In 2011, she received a special award for her contribution to Malaysian cinema at 24th Malaysian Film Festival.[citation needed]

On 22 May 2012, she was awarded the Darjah Seri Paduka Mahkota Perak (SPMP) which carries the title Dato' Seri during the investiture ceremony in conjunction with the Sultan of Perak Sultan Azlan Shah's birthday.[39]

Michelle Yeoh received the Excellence in Asian Cinema award during the 7th Asian Film Awards in March 2013 in Hong Kong.[40]

On 1 June 2013, she was awarded the Panglima Setia Mahkota (PSM) which carries the title Tan Sri during the investiture ceremony in conjunction with the birthday of Yang di-Pertuan Agong Tuanku Abdul Halim Mu'adzam Shah.[41][42]

On 30 November 2013, she presided as the Chief Guest at the International Film Festival of India.[43]

On 12 February 2016 she was conferred France's Officier of the Ordre des Arts et des Lettres award by the French government in Kuala Lumpur.[citation needed]

Honours of Malaysia[edit]

International Honours[edit]

Awards and nominations[edit]

Year Nominated Work Award Results
1986 Yes, Madam Hong Kong Film Award for Best New Performer Nominated
1998 Tomorrow Never Dies MTV Movie Award for Best Fight Nominated
1998 The Soong Sisters Hong Kong Film Award for Best Supporting Actress Nominated
2000 Crouching Tiger, Hidden Dragon TFCA Award for Best Performance, Female Nominated
2001 Crouching Tiger, Hidden Dragon Saturn Award for Best Actress Nominated
2001 Crouching Tiger, Hidden Dragon BAFTA Film Award for Best Performance by an Actress in a Leading Role Nominated
2001 Crouching Tiger, Hidden Dragon Blockbuster Entertainment Award for Favorite Action Team Nominated
2001 Crouching Tiger, Hidden Dragon Golden Horse Award for Best Actress Nominated
2001 Crouching Tiger, Hidden Dragon Hong Kong Film Award for Best Actress Nominated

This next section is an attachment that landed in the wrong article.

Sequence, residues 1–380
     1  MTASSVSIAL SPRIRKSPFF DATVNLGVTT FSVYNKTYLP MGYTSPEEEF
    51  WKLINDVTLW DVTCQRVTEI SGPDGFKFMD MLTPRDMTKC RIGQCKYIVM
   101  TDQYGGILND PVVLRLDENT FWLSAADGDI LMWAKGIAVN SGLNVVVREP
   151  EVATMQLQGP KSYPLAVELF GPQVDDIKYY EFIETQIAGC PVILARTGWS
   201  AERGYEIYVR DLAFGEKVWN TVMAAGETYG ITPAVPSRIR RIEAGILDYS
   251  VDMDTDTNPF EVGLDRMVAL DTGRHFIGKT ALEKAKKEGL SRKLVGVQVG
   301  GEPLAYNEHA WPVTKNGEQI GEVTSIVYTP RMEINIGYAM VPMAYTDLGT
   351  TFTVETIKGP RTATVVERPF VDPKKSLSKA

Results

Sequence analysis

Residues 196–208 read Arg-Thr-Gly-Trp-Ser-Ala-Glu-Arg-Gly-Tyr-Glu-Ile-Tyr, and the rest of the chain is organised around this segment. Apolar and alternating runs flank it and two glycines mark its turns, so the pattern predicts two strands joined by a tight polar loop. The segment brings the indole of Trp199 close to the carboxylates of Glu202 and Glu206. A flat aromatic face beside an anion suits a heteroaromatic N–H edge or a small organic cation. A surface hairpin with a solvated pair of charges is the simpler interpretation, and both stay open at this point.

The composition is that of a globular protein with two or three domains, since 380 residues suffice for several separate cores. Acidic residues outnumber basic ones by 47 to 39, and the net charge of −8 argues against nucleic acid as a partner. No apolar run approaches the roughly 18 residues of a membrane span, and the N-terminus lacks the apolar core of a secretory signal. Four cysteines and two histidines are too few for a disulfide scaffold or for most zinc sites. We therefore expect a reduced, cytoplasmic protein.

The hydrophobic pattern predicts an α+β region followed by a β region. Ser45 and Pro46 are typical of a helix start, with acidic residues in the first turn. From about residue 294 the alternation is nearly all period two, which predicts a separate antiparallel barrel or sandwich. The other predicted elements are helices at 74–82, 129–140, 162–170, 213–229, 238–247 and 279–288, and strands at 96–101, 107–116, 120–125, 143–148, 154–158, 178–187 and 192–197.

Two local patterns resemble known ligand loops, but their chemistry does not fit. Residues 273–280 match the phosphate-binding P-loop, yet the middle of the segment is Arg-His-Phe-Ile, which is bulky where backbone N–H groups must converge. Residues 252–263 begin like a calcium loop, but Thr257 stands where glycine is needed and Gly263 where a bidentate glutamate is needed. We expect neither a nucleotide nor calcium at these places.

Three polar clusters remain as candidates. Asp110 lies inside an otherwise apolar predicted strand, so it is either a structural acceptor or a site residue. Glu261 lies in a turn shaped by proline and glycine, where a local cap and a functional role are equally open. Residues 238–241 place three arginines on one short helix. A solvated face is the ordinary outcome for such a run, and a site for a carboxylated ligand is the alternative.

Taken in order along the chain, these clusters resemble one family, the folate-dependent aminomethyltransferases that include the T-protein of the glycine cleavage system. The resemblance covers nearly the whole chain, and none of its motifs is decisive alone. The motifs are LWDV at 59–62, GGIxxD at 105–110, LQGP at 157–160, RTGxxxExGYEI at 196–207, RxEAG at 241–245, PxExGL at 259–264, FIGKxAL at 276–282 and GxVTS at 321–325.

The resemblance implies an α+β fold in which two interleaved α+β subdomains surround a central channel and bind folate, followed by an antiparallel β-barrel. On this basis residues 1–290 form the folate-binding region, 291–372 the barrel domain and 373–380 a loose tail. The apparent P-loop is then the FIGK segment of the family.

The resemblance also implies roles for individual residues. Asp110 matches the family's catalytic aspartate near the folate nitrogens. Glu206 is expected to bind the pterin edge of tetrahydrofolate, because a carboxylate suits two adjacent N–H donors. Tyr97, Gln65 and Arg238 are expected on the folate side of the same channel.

2001 Crouching Tiger, Hidden Dragon VFCC Award for Best Actress Nominated
2011 Reign of Assassins Asian Film Award for Best Actress Nominated
2011 Reign of Assassins People's Choice Award for Favorite Actress Nominated
2011 Reign of Assassins Huabiao Film Award for Outstanding Abroad Actress Nominated
2018 Star Trek: Discovery Saturn Award for Best Guest Starring Role on Television Nominated[51][52]
2019 Crazy Rich Asians The Asian Awards for Outstanding Achievement in Cinema Won[53]

Special Awards[edit]

Year Award Results
1998 Asian Media Award Won
2001 ShoWest Award for International Star of the Year Won
2013 Outstanding Contribution to Asian Cinema Won

References[edit]

  1. ^ Encyclopædia Britannica Almanac 2010, p. 75
  2. ^ "Total Recall: The 25 Best Action Heroines of All Time". Rotten Tomatoes. Retrieved 13 November 2011.
  3. ^ "35 All-Time Screen Beauties: Michelle Yeoh". People. 6 October 2009. ISSN 0093-7673. Retrieved 13 November 2011.
  4. ^ Lhooq, Michelle (17 August 2018). "Michelle Yeoh Has Kicked Ass for Three Decades". GQ. Retrieved 2 August 2020.
  5. ^ Chinatown
  6. ^ "Michelle Yeoh Biography (1962–)". film reference. Retrieved 13 November 2011.
  7. ^ Chan Li Leen (5 November 2014). "Michelle Yeoh's father passes away". The Star (Malaysia).
  8. ^ a b c Kee Hua Chee (19 January 2004). "Her own person". The Star. Malaysia. Archived from the original on 30 October 2012. Retrieved 13 November 2011. Interview.
  9. ^ Michelle Yeoh Biography, IMDb. Accessed 13 October 2018.
  10. ^ https://www.silverkris.com/interview-michelle-yeoh-celebrity/
  11. ^ Cohen, David (11 February 1997). "Bond girl Yeoh gets licence to thrill 007". South China Morning Post.
  12. ^ "Bond Leading Lady Won't Do Stunts". Associated Press. 21 May 1997.
  13. ^ Chung, Winnie (30 May 1997). "Much More Than Just A Bond Girl". South China Morning Post.
  14. ^ "Michelle Yeoh Web Theatre Q&A".
  15. ^ Chung, Philip W. (1 August 2008). "Jet Li and Michelle Yeoh: From 'Tai Chi Master' to 'The Mummy'". AsianWeek. Archived from the original on 17 September 2008. Retrieved 4 August 2008.
  16. ^ "Michelle Yeoh, The New Face of Guerlain". Butterboom. 24 October 2011. Retrieved 13 November 2011.
  17. ^ "Michelle Yeoh Named as Guerlain's New Celebrity Ambassador". Asia Pacific Arts. 13 October 2011. Archived from the original on 18 May 2015. Retrieved 13 November 2011.
  18. ^ Petty, Martin (29 March 2012). "Myanmar's Suu Kyi: from prisoner to would-be lawmaker". Reuters. Retrieved 23 April 2012.
  19. ^ "Myanmar Deports Michelle Yeoh Over Suu Kyi Movie". Yahoo News. Associated Press. 27 June 2011. Retrieved 13 November 2011.
  20. ^ Ellwood, Greg. "Strike Back: Legacy episode 4 preview". Entertainment Focus. Entertainment Focus. Retrieved 4 July 2015.